A feminist critique of the alleged southern debt

Hypatia 17 (4):119-142 (2002)

Authors
Alison Jaggar
University of Colorado, Boulder
Abstract
Neoliberal globalization has deepened the impoverishment and marginalization of many women. This system is maintained by the debt supposedly owed by many poor nations in the global South to a few rich nations in the global North, because the obligation to service the debt traps the people of the South within an economic order that severely disadvantages them. I offer several reasons for thinking that many of these alleged debt obligations are not morally binding, especially on Southern women
Keywords globalization  neoliberalism  debt  feminism
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DOI 10.1353/hyp.2002.0078
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References found in this work BETA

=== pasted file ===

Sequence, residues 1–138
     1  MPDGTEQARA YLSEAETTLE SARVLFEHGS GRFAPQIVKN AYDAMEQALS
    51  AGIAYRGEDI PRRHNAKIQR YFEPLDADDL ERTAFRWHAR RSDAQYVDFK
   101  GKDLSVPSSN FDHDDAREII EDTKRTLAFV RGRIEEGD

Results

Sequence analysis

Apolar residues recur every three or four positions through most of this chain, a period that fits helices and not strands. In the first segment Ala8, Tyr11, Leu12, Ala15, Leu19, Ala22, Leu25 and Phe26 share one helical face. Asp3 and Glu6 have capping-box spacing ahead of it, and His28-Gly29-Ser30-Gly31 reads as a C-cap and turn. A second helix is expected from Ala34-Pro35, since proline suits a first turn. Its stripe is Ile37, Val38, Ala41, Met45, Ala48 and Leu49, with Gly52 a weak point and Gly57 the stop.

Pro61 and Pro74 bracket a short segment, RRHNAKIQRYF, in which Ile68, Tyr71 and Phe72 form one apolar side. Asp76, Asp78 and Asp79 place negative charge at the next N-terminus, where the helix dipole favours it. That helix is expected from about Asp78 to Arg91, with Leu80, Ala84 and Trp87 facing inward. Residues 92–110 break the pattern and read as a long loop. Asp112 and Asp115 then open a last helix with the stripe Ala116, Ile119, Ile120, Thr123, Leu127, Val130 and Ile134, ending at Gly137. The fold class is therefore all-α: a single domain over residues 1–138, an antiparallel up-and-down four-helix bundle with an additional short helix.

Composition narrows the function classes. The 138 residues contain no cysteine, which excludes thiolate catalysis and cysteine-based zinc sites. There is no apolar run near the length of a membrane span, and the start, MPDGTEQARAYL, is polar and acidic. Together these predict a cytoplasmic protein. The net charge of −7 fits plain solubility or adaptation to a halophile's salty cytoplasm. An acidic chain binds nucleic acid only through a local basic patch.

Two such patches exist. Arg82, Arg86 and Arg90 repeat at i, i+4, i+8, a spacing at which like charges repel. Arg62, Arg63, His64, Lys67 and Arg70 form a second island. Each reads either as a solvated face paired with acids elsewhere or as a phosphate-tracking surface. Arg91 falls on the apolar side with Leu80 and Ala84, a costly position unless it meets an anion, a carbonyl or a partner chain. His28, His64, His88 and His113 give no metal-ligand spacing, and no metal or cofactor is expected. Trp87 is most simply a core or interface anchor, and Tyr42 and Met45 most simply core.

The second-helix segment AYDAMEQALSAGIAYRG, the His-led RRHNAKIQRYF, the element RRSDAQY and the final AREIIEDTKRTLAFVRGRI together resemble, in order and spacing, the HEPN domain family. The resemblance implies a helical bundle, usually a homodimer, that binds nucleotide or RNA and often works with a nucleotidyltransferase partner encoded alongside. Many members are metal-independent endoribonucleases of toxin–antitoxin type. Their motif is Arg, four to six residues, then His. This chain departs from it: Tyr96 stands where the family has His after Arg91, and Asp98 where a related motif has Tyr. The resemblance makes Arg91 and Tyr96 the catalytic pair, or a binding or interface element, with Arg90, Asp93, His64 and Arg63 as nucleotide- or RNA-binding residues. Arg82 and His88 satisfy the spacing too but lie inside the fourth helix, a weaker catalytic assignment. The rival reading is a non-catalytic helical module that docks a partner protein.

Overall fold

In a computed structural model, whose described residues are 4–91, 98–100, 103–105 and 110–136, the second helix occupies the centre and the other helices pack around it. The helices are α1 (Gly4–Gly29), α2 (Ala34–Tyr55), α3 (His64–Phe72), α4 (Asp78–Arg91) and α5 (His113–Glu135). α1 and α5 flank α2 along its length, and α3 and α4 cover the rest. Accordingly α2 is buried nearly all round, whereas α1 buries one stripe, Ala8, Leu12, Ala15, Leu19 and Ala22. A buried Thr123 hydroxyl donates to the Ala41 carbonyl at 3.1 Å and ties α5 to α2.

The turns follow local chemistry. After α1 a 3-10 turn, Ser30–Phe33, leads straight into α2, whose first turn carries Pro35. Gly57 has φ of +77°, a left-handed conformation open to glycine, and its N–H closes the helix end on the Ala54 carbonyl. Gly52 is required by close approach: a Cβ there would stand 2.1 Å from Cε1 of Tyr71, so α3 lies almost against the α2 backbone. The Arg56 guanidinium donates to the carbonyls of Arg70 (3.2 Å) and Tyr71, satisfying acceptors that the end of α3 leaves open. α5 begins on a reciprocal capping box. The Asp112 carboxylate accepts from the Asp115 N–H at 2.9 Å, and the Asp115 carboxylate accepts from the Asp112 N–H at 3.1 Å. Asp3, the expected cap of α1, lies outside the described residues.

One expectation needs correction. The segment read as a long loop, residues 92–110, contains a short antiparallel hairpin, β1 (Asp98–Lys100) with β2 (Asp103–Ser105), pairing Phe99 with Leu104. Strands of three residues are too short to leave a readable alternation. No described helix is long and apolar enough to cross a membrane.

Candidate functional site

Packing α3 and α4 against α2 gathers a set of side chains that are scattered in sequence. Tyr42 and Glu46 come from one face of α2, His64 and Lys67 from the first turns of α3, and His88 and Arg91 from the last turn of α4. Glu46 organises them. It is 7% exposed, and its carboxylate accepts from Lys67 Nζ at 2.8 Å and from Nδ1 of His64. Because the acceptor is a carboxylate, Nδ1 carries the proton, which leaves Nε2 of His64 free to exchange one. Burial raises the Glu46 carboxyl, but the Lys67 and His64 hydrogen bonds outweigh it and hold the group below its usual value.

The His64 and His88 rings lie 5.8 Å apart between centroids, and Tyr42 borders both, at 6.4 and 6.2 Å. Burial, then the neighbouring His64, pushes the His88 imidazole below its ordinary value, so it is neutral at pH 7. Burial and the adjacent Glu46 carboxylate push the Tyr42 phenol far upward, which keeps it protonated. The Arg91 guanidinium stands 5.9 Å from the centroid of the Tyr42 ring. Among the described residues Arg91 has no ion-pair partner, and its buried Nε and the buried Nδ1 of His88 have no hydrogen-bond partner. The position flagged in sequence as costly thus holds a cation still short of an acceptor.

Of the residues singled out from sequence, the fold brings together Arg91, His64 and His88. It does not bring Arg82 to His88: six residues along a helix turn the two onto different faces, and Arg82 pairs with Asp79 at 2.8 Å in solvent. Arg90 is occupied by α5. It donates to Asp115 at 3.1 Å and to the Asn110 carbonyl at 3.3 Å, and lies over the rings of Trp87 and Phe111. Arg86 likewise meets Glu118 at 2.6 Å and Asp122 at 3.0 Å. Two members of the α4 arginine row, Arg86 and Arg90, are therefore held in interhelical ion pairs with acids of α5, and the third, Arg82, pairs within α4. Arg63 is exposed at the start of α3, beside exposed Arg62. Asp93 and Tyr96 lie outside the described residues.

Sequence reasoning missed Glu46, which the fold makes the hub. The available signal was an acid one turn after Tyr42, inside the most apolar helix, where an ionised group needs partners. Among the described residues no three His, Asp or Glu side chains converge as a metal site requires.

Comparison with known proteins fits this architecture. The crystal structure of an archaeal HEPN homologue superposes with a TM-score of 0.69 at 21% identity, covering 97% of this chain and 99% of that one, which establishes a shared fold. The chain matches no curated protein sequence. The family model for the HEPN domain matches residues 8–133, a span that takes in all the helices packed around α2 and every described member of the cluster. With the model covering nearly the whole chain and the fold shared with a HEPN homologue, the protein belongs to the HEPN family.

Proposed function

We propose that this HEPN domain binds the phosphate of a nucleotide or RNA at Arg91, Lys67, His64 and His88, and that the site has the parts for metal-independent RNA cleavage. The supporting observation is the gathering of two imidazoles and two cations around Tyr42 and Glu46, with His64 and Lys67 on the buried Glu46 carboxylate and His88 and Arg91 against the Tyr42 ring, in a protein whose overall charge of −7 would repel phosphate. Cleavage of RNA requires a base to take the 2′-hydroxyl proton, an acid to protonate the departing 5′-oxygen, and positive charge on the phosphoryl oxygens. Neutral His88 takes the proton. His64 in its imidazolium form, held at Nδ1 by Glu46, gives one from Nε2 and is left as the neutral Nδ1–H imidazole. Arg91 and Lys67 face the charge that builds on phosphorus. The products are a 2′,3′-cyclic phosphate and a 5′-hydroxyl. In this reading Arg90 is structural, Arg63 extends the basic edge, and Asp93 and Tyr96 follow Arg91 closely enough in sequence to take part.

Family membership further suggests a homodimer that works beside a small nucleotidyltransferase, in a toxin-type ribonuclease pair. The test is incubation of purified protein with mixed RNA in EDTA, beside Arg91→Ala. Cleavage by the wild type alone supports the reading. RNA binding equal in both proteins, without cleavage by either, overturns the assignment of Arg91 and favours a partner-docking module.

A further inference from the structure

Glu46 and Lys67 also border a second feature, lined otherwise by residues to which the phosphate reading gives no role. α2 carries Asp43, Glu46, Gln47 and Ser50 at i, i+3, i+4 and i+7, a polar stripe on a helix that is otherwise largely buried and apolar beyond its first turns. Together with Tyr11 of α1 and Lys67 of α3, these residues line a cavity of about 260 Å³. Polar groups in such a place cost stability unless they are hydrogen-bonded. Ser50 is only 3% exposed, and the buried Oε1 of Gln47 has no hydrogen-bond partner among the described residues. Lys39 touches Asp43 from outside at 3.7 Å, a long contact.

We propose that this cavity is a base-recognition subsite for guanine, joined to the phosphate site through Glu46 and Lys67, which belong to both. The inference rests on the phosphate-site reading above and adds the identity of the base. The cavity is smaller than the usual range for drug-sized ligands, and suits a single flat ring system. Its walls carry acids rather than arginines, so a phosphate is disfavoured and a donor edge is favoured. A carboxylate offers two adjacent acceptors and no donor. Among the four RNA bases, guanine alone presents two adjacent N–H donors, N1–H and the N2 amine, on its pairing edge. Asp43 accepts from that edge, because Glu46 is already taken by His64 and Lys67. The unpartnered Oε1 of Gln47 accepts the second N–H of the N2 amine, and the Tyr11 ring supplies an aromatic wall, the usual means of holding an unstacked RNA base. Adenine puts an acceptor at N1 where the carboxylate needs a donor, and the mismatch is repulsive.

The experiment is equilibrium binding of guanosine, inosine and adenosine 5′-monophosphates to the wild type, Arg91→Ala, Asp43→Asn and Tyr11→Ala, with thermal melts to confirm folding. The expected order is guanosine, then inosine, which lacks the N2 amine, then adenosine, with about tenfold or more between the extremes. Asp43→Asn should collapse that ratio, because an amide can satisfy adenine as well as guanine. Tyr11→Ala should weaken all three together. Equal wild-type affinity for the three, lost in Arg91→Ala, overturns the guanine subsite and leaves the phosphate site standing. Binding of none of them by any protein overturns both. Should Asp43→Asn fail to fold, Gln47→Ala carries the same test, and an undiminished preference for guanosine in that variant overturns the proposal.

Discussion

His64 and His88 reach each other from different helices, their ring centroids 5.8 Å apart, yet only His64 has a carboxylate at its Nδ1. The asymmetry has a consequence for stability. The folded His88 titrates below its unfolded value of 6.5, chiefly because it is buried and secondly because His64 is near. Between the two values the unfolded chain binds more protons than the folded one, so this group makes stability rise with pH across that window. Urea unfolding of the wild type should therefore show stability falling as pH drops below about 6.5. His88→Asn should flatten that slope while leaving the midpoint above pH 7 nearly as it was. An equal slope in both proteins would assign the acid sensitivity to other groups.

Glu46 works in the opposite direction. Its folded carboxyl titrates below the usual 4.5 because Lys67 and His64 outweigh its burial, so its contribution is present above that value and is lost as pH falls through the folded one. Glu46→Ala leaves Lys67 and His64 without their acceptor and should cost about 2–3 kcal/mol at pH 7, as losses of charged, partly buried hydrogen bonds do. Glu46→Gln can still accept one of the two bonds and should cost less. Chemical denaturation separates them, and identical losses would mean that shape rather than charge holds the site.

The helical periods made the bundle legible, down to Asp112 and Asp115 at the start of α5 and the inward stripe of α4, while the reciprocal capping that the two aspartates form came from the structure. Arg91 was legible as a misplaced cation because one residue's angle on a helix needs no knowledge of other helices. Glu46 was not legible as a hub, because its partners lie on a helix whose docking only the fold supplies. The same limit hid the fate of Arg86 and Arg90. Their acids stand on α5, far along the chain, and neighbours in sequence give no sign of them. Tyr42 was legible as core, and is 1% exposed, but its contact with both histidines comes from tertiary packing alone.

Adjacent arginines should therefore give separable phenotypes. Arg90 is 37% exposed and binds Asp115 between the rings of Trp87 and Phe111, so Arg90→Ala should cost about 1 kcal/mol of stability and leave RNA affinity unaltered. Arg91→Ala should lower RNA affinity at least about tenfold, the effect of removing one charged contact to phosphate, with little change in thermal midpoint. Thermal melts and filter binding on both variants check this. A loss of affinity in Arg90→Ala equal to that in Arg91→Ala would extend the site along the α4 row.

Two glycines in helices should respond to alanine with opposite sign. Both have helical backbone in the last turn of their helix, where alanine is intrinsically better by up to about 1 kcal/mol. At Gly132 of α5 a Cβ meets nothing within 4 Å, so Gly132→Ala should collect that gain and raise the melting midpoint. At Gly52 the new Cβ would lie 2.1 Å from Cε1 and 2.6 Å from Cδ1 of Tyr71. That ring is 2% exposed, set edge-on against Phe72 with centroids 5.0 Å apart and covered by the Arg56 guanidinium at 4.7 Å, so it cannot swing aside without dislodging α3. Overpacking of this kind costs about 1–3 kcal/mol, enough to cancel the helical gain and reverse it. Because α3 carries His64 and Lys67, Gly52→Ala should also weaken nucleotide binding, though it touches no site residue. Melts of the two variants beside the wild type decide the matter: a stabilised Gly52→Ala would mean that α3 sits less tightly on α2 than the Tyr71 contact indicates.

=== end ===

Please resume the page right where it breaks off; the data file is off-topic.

Justice, Gender, and the Family.Martha L. Fineman - 1991 - Philosophy and Public Affairs 20 (1):77-97.
Value in Ethics and Economics.Elizabeth Anderson - 1993 - Harvard University Press.

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Citations of this work BETA

Odious Debts: A Moral Account.Cristian Dimitriu - 2015 - Jurisprudence 6 (3):470-491.
Immigrant Admissions and Global Relations of Harm.Shelley Wilcox - 2007 - Journal of Social Philosophy 38 (2):274–291.
We Fight for Roses Too: Time-Use and Global Gender Justice.Alison M. Jaggar - 2013 - Journal of Global Ethics 9 (2):115 - 129.

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